Why are booksellers afraid of children’s poetry?

Children, responding to its rhythm and imagery, take to poetry with natural ease.

Children dive into poetry with the same natural ease as swimmers into water, climbers into trees and sleepers into dreams. I’ve seen this alchemy at work on countless visits to schools, visits which have convinced me that poetry’s narrative, rhythm and vibrant imagery is the real language of childhood. But poetry written for children is in danger of dying out, of sliding into fossilised irrelevance, cut off from modern verse. A classic such as Robert Louis Stevenson’s A Child’s Garden of Verses may be lovely, but it can’t sustain the vital connection between children and poetry. Children also need poets who are still breathing.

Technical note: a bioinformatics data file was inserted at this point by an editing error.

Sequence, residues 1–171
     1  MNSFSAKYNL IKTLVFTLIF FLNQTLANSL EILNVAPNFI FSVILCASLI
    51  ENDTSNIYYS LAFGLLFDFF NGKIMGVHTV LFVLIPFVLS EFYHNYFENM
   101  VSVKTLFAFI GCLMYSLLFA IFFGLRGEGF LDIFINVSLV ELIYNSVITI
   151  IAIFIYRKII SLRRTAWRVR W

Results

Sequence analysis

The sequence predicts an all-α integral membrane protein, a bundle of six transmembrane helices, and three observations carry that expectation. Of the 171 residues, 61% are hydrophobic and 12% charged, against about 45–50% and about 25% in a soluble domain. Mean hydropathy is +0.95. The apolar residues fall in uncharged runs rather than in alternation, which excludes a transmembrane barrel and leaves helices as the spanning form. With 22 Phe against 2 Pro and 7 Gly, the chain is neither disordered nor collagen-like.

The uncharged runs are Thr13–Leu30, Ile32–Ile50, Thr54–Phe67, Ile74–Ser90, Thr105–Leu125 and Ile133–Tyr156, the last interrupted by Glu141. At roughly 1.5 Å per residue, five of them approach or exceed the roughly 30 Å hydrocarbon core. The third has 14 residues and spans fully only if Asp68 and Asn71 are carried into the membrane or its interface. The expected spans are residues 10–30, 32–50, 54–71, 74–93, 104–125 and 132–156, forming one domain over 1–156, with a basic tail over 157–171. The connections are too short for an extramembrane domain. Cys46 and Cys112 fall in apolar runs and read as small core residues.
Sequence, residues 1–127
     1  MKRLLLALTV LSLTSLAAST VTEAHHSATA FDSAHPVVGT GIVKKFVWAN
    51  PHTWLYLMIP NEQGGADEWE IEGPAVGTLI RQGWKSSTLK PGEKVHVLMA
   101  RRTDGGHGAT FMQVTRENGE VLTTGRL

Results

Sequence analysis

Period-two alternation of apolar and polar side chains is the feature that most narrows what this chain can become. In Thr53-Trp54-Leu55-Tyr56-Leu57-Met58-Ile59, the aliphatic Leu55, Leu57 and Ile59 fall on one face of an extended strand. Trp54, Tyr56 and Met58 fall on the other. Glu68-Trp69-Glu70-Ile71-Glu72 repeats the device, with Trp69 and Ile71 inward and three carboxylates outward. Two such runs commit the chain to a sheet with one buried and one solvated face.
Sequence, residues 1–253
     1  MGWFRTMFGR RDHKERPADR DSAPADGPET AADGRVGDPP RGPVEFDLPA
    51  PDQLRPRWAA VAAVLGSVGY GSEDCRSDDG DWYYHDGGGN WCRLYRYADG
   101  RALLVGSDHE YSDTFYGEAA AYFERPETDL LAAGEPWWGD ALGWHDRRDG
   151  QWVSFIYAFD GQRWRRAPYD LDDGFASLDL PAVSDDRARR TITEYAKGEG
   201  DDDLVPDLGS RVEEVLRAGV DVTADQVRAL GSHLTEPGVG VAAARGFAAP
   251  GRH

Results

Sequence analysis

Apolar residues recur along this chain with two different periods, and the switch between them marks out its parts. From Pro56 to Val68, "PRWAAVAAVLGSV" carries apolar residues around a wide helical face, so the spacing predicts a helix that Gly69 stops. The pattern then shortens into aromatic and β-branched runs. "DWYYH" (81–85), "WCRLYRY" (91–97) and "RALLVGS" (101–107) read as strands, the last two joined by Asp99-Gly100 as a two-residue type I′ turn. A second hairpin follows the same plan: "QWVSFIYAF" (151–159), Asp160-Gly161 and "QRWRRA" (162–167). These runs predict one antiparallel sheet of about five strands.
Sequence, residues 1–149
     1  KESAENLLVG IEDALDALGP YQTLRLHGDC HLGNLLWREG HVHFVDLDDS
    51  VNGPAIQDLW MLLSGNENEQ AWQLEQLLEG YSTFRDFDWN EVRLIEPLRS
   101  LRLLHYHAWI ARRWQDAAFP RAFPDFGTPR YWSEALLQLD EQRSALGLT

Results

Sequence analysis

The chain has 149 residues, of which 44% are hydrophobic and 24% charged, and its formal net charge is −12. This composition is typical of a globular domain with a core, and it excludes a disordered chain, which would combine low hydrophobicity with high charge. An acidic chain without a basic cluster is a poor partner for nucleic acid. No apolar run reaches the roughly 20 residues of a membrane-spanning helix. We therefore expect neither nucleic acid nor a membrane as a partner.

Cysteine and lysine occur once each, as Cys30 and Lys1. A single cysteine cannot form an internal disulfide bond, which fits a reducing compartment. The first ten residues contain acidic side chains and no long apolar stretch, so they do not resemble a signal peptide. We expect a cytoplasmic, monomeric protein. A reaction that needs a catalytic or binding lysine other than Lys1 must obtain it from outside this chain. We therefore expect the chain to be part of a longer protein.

The delicate machine which brings poetry books into the hands of children is in desperate need of repair. I used to help choose the poems for the Children’s Poetry Bookshelf, the Poetry Book Society’s book club for ages seven to 11, and I watched with horror as the submissions from publishers gradually dried up. Starved of funding and support, the club had to stop taking on new members in 2011. As PBS director Chris Holifield said, it seemed that “children’s poetry in book form was close to extinction, with just a small number of new titles being published and not much backlist being kept in print.”

No one doubts that a market for children’s poetry exists. Children relish it, parents appreciate its accessibility and infinite re-readability, and teachers who’ve unlocked its potential in the classroom swear by it. In 2011, children’s fiction and poetry editor Kate Paice summed up the dilemma of publishers is quoted as saying, “A lot of bookshops seem quite scared of poetry. They don’t know how to shelve it or how to sell it, and if we can’t reach our market through bookshops then we can’t sell to our market.”